Legendary Buffalo Soldier Colonel Charles Young Returning Home | MCTC

Legendary Buffalo Soldier Colonel Charles Young Returning Home

On September 28, 2014, Maysville Community and Technical College, the National Coalition of Black Veteran Organizations and Mason County Government are hosting an event in Mays Lick, Kentucky honoring the legacy of Colonel Charles Young. The event is to mark the restoration of the birth cabin of Colonel Charles Young and premier a commissioned bronze maquette of his likeness and an exhibition entitled The Man, The Mission, The Facts.

The National Coalition of Black Veterans has worked diligently to honor the Colonel and advocate for his honorary elevation to Brigadier General, said Millicent Harding, Director of Cultural Diversity at Maysville Community and Technical College. The restoration of his birth home and its designation as a valuable historical monument is another step in the Coalitions fight to not only honor Col. Young, but all black soldiers throughout American history.

Young was born into slavery in Mays Lick on March 12, 1864. His parents, Gabriel and Arminta Young, moved the family to Ripley, Ohio, in 1866. Young thrived there and, in 1881 at age 17, he graduated with academic honors as a member of his integrated high school class. His mother encouraged his life-long intellectual and musical pursuits. Young grew up proud of his father's military service as a Union soldier during the Civil War, and he heeded his father's advice by entering the United States Military Academy at West Point. In 1889, Young was the third African American to graduate from West Point and the last African American to complete West Point until 1936.

Young was the highest ranking African-American commanding officer in the United States Army from 1894 until his death in 1922. He also served as the first African-American superintendent of a national park, overseeing Sequoia and General Grant (now Kings Canyon) National Parks while commanding a troop of Buffalo Soldiers in the years before the creation of the National Park Service.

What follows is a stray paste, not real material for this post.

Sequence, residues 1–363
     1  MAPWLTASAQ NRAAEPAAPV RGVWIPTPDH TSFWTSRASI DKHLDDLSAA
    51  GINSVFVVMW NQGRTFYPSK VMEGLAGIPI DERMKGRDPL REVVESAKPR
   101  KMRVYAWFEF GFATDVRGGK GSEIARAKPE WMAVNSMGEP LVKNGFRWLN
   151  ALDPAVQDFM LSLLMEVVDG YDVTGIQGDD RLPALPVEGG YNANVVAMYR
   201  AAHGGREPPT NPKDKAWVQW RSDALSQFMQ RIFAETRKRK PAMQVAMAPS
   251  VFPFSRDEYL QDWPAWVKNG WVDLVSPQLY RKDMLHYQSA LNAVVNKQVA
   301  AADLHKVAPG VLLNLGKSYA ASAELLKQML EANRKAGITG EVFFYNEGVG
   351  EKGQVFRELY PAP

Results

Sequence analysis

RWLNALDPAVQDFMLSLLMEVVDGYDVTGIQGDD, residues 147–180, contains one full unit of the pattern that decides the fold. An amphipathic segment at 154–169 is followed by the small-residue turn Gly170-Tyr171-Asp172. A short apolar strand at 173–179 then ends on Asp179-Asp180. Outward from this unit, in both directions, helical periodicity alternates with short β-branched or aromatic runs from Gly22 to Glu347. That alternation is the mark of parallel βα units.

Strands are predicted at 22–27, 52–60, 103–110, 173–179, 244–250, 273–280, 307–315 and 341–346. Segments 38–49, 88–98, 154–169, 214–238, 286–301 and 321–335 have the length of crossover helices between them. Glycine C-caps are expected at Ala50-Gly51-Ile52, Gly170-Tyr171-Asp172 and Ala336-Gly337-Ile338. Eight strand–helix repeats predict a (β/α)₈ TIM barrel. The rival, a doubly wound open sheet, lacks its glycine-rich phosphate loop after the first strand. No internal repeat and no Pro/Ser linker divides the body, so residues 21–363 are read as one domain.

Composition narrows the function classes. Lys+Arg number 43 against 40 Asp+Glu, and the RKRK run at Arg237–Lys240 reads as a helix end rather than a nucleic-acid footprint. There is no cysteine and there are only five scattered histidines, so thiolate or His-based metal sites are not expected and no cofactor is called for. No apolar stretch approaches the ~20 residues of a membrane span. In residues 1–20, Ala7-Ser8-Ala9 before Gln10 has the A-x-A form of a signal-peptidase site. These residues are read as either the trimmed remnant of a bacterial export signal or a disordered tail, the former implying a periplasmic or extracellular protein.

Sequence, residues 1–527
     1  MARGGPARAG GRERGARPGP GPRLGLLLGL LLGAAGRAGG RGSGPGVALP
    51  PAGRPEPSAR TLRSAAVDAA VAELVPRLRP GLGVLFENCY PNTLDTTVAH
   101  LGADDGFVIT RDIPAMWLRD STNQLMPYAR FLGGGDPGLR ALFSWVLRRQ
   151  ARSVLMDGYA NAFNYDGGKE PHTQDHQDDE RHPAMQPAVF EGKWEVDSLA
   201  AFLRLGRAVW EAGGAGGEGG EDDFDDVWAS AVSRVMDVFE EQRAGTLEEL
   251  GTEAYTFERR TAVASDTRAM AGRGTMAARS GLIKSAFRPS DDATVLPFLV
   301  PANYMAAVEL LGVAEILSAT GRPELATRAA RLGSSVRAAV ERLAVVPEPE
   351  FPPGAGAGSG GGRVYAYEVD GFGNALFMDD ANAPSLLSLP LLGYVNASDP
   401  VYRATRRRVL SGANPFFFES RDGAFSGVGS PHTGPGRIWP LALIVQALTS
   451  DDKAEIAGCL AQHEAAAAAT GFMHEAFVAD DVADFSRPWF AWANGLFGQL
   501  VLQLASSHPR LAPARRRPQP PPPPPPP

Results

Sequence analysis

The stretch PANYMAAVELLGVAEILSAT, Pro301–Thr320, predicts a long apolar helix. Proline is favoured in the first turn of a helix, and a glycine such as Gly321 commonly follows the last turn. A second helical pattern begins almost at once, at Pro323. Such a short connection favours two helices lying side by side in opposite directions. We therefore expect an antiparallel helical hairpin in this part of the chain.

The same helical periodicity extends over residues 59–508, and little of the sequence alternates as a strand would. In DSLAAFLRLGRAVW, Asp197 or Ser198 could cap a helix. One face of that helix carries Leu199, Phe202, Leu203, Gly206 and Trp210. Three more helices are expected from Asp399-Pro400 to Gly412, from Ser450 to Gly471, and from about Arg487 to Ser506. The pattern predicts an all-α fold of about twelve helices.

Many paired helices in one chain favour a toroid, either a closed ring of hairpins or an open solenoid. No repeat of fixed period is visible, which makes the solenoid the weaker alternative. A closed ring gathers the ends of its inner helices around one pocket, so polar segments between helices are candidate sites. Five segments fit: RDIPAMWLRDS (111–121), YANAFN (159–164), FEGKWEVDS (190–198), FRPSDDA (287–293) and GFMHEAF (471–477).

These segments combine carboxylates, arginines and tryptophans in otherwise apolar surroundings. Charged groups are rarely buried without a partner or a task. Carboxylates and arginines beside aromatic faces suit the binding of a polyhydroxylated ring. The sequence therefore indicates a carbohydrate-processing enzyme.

The Sunday program will begin with a commemorative church service held at the Second Baptist Church in Mays Lick at 11:00 a.m. Established in 1859, the church is where the Young Family worshipped when they resided in the community. The service will be officiated by Pastor Rodney Bennett. Following the church service, the maquette and photo exhibit will be unveiled at the birth cabin of Colonel Charles Young in Mayslick at 1:15 p.m. A reception will follow sponsored by the Ledger Independent Newspaper.

Following the Mays Lick presentation, the maquette and picture exhibition will travel to Louisville. The presentation will open in the Kentucky Center for African American Heritage on October 12 and will remain on display through the end of the month. The Louisville event is being co-sponsored by the Omega Psi Phi Fraternity, Inc. of which Colonel Young is an honorary member.

For information on the event contact Millicent Harding, MCTC Director of Cultural Diversity, at 606-759-7141 ext. 66196 or millicent.harding@kctcs.edu.